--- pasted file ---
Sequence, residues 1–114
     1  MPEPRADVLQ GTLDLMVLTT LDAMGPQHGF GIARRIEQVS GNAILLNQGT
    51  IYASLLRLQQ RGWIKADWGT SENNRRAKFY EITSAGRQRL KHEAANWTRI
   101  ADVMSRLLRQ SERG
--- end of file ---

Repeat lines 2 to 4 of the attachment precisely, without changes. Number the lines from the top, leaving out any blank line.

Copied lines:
     1  MPEPRADVLQ GTLDLMVLTT LDAMGPQHGF GIARRIEQVS GNAILLNQGT
    51  IYASLLRLQQ RGWIKADWGT SENNRRAKFY EITSAGRQRL KHEAANWTRI
   101  ADVMSRLLRQ SERG